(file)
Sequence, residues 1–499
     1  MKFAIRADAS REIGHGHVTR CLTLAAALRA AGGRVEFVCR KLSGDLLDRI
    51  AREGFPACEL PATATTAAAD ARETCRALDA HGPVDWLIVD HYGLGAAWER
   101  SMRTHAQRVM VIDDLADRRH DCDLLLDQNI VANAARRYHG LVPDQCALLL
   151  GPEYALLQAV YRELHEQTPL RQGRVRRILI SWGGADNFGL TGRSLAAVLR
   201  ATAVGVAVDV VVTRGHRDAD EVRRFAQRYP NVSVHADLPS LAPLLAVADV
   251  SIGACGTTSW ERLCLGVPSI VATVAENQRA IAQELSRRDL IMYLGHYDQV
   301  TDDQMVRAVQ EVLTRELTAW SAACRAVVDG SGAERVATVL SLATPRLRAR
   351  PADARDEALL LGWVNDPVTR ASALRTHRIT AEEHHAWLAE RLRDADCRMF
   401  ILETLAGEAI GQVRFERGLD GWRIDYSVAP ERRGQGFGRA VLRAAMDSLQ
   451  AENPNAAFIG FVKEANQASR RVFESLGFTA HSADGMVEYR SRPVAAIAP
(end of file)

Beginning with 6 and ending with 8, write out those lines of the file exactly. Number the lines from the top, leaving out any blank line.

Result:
   201  ATAVGVAVDV VVTRGHRDAD EVRRFAQRYP NVSVHADLPS LAPLLAVADV
   251  SIGACGTTSW ERLCLGVPSI VATVAENQRA IAQELSRRDL IMYLGHYDQV
   301  TDDQMVRAVQ EVLTRELTAW SAACRAVVDG SGAERVATVL SLATPRLRAR